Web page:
The weekend is over and I finally have time to write about the games I played. The first thing we tried was the game I was most interested about: Fifth Avenue. And yeah, it was interesting. After one game, my initial rating is eight, which is pretty good considering Fifth Avenue’s a bit low average rating of 6.5. I think the game deserves better ratings, really.
Why? Because it was fun. There’s nice tension — you’d like to get cards so you can buy skyscrapers, but getting cards prevents you from doing something else that’s potentially interesting. What comes to the problem of people placing businesses and thus ruining the game, well, that’s kind of true. Raija and Ismo placed more businesses than I did, so I suppose it is tempting. I placed perhaps one business during the whole game and dominated the skyscraper scene. That secured my victory, too. We all got the first skyscraper bonus, but only I got the later ones. Thus, there’s an incentive to not place businesses before you have enough bonuses to score the bonuses.
Somehow it felt we did something wrong. There’s a huge stack of black cards and we hardly ever got them. We only used the scoring action once, on the first turn. It’s very hard to score your own best area and when someone scores about 10 points from an area, there’s little temptation for others to score it. Perhaps with less businesses on board areas would score less and thus it would be easier to take the scoring action. I don’t know, but we were kind of missing some of the game’s potential.
Still it was a fun game and I’m looking forward to play it again. Next time, with new people, I’ll probably say something about the business thing. What, I’m not sure yet, but something, because I think the game can be pretty unsatisfying if everyone just plonks down businesses like there’s no tomorrow. It is easy to see the temptation, but it’s harder to see that placing skyscrapers is in the end the better way to go.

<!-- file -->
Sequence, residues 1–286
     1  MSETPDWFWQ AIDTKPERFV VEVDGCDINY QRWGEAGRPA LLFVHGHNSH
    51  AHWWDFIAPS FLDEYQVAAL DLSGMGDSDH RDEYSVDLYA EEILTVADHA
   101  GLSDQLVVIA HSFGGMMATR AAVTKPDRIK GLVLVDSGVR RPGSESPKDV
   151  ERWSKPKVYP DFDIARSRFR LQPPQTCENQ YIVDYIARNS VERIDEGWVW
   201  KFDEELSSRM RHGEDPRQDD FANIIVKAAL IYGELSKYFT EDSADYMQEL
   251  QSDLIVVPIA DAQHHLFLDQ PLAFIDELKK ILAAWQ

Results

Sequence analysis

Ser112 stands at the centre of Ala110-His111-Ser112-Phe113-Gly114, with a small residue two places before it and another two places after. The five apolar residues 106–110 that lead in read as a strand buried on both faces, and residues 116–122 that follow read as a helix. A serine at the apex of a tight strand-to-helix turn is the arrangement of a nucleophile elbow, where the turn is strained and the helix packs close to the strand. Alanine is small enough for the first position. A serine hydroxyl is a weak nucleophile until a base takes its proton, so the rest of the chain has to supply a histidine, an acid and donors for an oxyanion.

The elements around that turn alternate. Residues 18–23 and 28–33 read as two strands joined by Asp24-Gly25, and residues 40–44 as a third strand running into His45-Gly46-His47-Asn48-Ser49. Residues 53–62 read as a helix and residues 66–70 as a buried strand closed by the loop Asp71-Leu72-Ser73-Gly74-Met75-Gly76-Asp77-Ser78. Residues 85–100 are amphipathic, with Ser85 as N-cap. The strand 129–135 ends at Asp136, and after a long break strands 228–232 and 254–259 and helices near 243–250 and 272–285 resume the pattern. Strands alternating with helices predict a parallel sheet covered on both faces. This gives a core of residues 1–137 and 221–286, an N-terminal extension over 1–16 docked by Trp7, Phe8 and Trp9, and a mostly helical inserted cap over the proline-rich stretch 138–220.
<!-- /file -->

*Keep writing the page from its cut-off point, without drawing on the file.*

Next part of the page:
We played some St. Petersburg, too, of course. I won three games of four and lost the one, but that was a downhill fall from the beginning. I kept records for the last game, jotting down the money and VP production for each player in the end of each round. It was interesting: Ismo and I gained money at a similar pace, I had just a bit more than him. I had more VP income than both of them. My mother had better VP income than Ismo, but lower money income than either one of us.
If I get more VP and more money than anybody else, it’s no surprise I win. But which is more important, money or victory points? It turned out to be money. Ismo was second, with his large collection of aristocrats. My mother made the mistake of placing down a building in the early game. I’m more and more thinking that the only building you want to place down on the first round is Observatory and that only if you’re not first in line for aristocrats.
Another thing was demonstrated several times in the games: one should never play a card in the wrong phase. Taking a trading card to your hand in the trading card phase is a good move. Buying it and playing it right away is practically always a bad move. You don’t want to end up in a situation where you can’t afford to buy a worker. Never.
We also played two games of Puerto Rico. One was a major victory for me, the other was really a bad job. But hey, that’s what you get when you deviate from your basic strategy. Corn screwed me, that’s it. I just didn’t get the money machine rolling like I did in the first game, in which I just ruled. Even the masters make mistakes sometimes =)